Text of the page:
Before the a massive sinkhole put the National Corvette Museum on the map, classic car lovers and curious tourists traveled to its yellow-coned skydome outside Bowling Green in Kentucky. More than 5,000 Chevrolet Corvettes were on the grounds as part of the celebration of the museum’s fifth anniversary.
Classic car fans look at the Corvettes on display at the museum 60 miles north of Nashville and 100 miles south of Louisville.
A 1957 Corvette Roadster and a 1955 Roadster in a Mobil service station display. The museum is nearby the General Motors Corvette assembly plant, which has been in Bowling Green since 1981.
A worker unstraps a 1993 Chevrolet Corvette. Eight cars were damaged. The cost? More than $1 million. Only six of the eight cars were museum-owned — the other two were on loan from General Motors.
Damaged in the accident were a 2001 Mallett Hammer Z06 Corvette, a 1962 black Corvette, a 1993 ZR-1 Spyder, a 1984 PPG Pace Car, a 1992 White 1 Millionth Corvette, a 2009 white 1.5 Millionth Corvette, a 2009 ZR1 Blue Devil and a 1993 Ruby Red 40th Anniversary Corvette.
Unsure what to do with the sinkhole, the museum board considered three options: fill it in, preserve the entire thing, or keep only a portion.
But what was first seen as a tragedy was becoming an attraction. The Associated Press reports attendance is up 50 percent.
“We would not have even stopped had it not been for the hole.” Luke Smith of Lima, Ohio, told AP after touring nearby Mammoth Cave.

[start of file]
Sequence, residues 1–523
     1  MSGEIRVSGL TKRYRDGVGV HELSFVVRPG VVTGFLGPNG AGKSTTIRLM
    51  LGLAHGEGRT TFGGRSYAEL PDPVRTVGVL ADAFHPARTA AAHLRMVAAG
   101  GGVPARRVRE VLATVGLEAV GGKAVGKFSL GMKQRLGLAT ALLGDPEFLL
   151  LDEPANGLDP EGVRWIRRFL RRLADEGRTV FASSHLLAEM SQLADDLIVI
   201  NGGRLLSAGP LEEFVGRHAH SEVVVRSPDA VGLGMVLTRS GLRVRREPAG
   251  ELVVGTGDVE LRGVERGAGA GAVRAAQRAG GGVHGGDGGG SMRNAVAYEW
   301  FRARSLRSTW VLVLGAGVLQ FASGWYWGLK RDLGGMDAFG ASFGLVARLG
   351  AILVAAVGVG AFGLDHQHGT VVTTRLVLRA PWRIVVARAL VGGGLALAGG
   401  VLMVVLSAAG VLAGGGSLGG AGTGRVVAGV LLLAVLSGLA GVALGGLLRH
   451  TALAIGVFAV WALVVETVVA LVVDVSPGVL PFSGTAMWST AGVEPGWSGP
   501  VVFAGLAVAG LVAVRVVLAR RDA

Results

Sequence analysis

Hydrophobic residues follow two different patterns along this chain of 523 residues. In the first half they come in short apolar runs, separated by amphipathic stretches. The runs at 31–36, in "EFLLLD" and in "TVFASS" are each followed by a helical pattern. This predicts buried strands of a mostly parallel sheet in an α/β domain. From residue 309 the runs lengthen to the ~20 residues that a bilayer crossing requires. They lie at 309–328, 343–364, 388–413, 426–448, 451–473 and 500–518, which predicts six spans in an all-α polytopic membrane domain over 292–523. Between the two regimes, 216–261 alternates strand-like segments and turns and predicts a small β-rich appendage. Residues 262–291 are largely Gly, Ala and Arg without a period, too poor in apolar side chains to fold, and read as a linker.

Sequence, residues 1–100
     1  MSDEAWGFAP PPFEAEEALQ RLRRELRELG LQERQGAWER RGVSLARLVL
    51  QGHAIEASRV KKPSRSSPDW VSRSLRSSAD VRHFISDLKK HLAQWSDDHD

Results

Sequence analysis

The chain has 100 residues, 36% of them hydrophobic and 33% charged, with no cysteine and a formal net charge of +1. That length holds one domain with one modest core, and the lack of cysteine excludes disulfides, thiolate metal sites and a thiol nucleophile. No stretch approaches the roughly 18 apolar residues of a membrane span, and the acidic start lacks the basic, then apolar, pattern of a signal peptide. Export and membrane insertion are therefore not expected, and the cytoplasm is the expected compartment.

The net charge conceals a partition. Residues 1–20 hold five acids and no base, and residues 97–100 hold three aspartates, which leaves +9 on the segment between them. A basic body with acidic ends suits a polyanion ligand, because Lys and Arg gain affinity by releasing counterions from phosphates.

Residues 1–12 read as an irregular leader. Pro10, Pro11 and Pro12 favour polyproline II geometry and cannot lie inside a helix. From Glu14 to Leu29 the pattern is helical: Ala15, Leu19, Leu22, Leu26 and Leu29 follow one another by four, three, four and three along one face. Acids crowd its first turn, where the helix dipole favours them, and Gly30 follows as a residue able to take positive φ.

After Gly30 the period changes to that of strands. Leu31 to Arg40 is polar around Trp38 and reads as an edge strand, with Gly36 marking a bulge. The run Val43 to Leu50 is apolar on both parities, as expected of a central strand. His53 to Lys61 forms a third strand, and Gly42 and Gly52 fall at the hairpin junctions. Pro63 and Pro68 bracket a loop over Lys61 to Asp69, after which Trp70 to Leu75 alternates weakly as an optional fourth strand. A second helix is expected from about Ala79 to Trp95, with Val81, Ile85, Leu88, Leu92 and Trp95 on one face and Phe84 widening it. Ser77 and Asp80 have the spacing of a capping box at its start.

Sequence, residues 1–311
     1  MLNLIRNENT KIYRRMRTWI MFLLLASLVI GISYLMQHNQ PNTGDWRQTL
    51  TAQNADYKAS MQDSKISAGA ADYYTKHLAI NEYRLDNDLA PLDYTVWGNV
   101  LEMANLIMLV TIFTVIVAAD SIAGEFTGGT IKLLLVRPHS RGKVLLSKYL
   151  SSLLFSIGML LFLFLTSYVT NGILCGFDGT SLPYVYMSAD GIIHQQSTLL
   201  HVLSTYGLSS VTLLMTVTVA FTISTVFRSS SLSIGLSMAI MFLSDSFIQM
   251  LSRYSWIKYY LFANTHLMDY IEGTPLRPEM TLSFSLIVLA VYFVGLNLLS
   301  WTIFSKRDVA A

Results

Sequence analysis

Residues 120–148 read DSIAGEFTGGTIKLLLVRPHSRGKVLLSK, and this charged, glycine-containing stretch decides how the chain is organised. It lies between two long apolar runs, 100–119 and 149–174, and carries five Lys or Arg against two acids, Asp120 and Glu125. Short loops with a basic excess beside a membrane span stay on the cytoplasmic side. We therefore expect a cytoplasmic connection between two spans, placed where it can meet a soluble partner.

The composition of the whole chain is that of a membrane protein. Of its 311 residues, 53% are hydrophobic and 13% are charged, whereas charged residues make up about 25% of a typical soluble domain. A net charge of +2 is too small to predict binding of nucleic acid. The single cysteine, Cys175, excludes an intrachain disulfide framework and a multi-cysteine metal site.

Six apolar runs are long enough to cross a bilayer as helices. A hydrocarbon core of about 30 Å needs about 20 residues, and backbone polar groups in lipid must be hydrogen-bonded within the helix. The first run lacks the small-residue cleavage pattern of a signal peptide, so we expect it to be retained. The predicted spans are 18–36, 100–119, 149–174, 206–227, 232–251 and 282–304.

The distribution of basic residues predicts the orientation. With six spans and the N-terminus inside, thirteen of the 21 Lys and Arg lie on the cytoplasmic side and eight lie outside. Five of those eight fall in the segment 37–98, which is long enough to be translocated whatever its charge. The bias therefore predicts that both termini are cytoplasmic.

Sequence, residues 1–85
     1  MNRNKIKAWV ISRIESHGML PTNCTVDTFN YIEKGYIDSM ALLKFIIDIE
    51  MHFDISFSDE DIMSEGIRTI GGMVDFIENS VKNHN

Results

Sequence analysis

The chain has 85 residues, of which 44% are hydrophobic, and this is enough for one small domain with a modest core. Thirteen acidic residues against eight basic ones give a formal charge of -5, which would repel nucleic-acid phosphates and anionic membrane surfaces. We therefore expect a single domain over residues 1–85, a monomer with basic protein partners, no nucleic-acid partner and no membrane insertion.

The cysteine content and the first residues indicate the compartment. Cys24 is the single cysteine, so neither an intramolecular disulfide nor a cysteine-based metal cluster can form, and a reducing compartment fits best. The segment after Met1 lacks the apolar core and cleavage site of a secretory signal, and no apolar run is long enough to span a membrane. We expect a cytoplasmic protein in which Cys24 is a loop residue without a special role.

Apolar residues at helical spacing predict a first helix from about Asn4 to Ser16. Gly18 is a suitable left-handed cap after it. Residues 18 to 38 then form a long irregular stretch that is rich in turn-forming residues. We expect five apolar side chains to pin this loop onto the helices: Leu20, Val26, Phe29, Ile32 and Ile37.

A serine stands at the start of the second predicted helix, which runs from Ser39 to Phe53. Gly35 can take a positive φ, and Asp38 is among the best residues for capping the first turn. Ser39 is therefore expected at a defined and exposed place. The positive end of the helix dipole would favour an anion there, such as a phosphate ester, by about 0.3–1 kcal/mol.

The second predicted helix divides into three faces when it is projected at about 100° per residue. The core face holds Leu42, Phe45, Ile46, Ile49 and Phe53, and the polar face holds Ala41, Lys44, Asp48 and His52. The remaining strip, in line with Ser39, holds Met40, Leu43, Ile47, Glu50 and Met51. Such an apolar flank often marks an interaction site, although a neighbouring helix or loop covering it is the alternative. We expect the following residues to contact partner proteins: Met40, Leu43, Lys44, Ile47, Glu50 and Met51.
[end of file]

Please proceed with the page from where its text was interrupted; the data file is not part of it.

“It just shows you the power of nature,” Stephen Robb of Waterloo, Ontario, told the AP. “I can’t believe the devastation to the cars. I don’t see car accidents this bad.”
After a closed-door meeting, the museum board decided to keep a portion of the sinkhole with a strong probability of putting back one or two of the damaged cars. The estimated cost of the project is $3 million to $5 million.
“There is a natural tendency to want to see the aftereffects of a natural occurrence,” Jason Swanson, a University of Kentucky assistant professor in hospitality management and tourism, told AP.
“On the one hand it’s been really good for business, and the publicity it has gotten you can’t buy,” Katie Frassinelli, marketing and communications manager for the museum told the New York Times. “But on the other hand, at some point the novelty of it will wear off, and we don’t want to be known as Sinkhole Museum forever.”